5 Things You Definitely Want To Know About Tequila

things to know about tequila
5 Things You Don't Know About TequilaSarah Ceniceros

Tequila is one of the most popular spirits in the world. The global tequila market reached $13 billion in 2021 and is expected to be $27.7 billion by 2027, according to a report by Research and Markets. In my quest to learn more about tequila, I visited Guadalajara, Mexico, to get some insight on the distilling process and agave industry in general from Neil Grosscup, CEO and Master Blender of Tanteo Tequila.

Here are some things you probably didn't know about tequila—and it just scratches the surface. Be sure to check out some of our recs for the best mezcal and sipping tequila to add to your shopping cart.

Tequila is actually a type of mezcal.

With the growing popularity of mezcal in the U.S., you might think of mezcal as the new kid on the block. Thing is, tequila is actually a type of mezcal. Mezcal has been produced for centuries and is made from various types of agave, while tequila is made only from Blue Weber agave.

Tequila can only be produced in five states in Mexico.

"Tequila is one of many agave spirits native to Mexico," said Grosscup. "Only Mexican agaves from five states can be used to make tequila, and it needs to be distilled in a licensed distillery in those same five states." These states are Guanajuato, Jalisco, Michoacán, Nayarit, and Tamaulipas. And, yes, there is a city named Tequila, which is where the spirit gets its name.

You won't find a worm in a bottle of tequila.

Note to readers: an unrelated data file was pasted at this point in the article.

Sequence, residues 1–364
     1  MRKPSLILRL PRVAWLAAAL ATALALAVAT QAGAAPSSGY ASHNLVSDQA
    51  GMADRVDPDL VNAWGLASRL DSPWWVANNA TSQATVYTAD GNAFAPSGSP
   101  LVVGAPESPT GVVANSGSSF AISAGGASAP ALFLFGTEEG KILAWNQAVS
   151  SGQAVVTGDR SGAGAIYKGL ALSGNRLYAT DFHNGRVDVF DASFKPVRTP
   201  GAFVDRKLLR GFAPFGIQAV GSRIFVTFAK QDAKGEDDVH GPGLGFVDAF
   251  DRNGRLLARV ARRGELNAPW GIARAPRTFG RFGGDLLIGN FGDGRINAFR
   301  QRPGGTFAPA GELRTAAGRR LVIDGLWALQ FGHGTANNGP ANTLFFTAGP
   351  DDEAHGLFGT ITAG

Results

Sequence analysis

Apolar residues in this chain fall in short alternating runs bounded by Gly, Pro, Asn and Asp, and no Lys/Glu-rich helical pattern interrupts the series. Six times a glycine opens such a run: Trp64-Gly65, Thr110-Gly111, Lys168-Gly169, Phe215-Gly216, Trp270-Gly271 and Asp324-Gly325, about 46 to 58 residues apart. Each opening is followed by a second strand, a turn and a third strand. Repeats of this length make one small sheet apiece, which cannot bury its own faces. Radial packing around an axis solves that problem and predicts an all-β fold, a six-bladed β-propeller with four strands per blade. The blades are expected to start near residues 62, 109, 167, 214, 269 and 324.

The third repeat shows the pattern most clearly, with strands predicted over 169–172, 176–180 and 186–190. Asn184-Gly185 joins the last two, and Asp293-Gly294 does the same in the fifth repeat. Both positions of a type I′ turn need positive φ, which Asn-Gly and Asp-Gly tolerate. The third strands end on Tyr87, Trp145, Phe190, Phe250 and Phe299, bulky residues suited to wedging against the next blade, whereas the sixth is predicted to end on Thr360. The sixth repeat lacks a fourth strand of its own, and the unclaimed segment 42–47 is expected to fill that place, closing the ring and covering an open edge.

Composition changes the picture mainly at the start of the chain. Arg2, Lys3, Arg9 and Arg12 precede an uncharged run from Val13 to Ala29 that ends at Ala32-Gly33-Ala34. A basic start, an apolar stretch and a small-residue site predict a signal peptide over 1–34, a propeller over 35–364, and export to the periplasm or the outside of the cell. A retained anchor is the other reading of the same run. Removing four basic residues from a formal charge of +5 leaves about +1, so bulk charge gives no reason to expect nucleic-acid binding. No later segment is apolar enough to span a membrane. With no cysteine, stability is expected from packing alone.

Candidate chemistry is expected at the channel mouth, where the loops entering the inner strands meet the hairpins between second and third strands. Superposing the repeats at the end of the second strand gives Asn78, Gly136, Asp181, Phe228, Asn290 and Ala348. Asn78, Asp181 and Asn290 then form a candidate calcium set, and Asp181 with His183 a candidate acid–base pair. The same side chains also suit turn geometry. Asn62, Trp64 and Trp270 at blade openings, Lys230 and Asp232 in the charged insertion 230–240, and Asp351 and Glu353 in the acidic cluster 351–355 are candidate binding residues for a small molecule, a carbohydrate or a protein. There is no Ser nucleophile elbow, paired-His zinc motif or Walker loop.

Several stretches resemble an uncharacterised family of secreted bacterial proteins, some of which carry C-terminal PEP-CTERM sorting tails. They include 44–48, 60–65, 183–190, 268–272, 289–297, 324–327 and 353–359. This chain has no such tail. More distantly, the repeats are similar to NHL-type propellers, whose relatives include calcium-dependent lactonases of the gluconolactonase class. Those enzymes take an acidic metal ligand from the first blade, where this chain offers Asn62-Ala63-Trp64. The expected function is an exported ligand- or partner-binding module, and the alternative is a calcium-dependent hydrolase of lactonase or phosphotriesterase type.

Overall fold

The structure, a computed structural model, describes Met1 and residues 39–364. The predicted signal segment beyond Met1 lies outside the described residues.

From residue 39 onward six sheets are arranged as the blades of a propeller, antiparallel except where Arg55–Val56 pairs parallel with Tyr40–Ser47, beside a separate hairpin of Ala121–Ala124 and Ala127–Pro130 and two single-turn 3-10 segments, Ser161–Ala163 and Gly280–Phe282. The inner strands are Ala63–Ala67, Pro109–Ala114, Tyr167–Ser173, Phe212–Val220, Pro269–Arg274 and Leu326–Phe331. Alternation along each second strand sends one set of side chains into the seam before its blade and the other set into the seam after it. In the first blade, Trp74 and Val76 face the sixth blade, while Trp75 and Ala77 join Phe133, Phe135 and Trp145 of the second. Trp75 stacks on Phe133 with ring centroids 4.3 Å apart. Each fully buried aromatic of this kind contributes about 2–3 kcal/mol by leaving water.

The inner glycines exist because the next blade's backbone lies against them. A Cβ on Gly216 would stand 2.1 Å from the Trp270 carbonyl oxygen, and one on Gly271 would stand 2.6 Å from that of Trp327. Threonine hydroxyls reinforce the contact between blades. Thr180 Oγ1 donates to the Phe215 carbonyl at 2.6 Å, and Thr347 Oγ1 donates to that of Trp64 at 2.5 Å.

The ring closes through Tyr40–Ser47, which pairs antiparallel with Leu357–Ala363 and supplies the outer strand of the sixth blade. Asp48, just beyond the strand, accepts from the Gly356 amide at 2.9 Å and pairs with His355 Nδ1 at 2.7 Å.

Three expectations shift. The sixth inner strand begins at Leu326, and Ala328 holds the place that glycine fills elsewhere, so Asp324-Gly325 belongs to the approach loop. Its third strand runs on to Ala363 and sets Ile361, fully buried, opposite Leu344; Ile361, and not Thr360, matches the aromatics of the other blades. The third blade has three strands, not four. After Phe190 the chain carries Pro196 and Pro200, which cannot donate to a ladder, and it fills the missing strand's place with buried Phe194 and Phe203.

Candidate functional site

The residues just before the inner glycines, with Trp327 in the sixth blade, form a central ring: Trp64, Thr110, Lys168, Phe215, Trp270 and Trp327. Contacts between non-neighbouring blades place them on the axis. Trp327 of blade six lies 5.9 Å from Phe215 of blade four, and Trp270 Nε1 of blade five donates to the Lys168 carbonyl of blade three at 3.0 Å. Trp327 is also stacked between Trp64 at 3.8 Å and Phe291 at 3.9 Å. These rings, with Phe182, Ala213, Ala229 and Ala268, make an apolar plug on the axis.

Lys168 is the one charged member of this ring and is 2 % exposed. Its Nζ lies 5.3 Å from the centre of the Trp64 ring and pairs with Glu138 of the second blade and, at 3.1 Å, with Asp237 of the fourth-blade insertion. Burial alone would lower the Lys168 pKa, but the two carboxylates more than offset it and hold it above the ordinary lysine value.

First, the worm you're thinking of is actually larva. Contrary to popular belief, you won't find a worm in a bottle of tequila. You may, however find larva in a bottle of mezcal, although that's still unlikely. There are many theories on why distillers started putting larva in mezcal (mostly for taste), but according to Heriberto Oviedo, the tequilier at the Ritz Carlton's Cantina Beach in Key Biscayne, Florida, brands today use the larva mostly for marketing purposes.

Not all tequila is made from 100 percent agave.

Yes, all tequila is made from agave, but the percentage of agave isn't always the same. "Pay attention to the details," said Grosscup. "If [the bottle] states tequila, but does not state '100 percent de agave tequila,' it is a mixto tequila." Mixto tequilas must be composed of at least 51 percent agave sugars, which means the rest can be made from other sugars.

If you don't want a mixto tequila, make sure the label doesn't say "made with 100 percent agave tequila"—this is not the same as 100 percent agave tequila, according to Grosscup. "One hundred percent agave tequilas can be infused with spices or produce, but only if the infusion process is post-distillation," he said.

Bats are important in the sustainability of tequila production.

"Agaves take six to eight years to mature and even longer when you let the plants flower," said Grosscup. Bats will naturally pollinate flowering agave plants, allowing them to reproduce via seeds, which enhances diversity. Agave can also reproduce asexually, creating hijuelos, or mini versions of themselves. With increasing demand for tequila, this form of reproduction is faster, but not necessarily sustainable as hijuelos have the same genetic makeup and may be more susceptible to disease.

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